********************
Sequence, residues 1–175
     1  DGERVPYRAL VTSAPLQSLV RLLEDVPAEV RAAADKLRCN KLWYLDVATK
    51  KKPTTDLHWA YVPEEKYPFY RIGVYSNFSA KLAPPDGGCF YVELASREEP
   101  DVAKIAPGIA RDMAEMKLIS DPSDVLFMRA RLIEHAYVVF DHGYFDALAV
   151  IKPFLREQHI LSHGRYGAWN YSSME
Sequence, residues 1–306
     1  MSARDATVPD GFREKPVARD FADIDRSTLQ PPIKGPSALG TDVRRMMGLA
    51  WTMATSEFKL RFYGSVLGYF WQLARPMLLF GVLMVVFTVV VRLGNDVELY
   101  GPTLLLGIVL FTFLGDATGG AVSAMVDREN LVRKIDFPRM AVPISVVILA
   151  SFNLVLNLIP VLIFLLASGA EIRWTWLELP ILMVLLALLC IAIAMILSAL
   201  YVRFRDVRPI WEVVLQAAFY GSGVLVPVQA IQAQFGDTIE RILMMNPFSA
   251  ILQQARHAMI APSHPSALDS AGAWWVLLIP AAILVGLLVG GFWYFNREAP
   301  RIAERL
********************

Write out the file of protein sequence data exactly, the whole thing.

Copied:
Sequence, residues 1–175
     1  DGERVPYRAL VTSAPLQSLV RLLEDVPAEV RAAADKLRCN KLWYLDVATK
    51  KKPTTDLHWA YVPEEKYPFY RIGVYSNFSA KLAPPDGGCF YVELASREEP
   101  DVAKIAPGIA RDMAEMKLIS DPSDVLFMRA RLIEHAYVVF DHGYFDALAV
   151  IKPFLREQHI LSHGRYGAWN YSSME
Sequence, residues 1–306
     1  MSARDATVPD GFREKPVARD FADIDRSTLQ PPIKGPSALG TDVRRMMGLA
    51  WTMATSEFKL RFYGSVLGYF WQLARPMLLF GVLMVVFTVV VRLGNDVELY
   101  GPTLLLGIVL FTFLGDATGG AVSAMVDREN LVRKIDFPRM AVPISVVILA
   151  SFNLVLNLIP VLIFLLASGA EIRWTWLELP ILMVLLALLC IAIAMILSAL
   201  YVRFRDVRPI WEVVLQAAFY GSGVLVPVQA IQAQFGDTIE RILMMNPFSA
   251  ILQQARHAMI APSHPSALDS AGAWWVLLIP AAILVGLLVG GFWYFNREAP
   301  RIAERL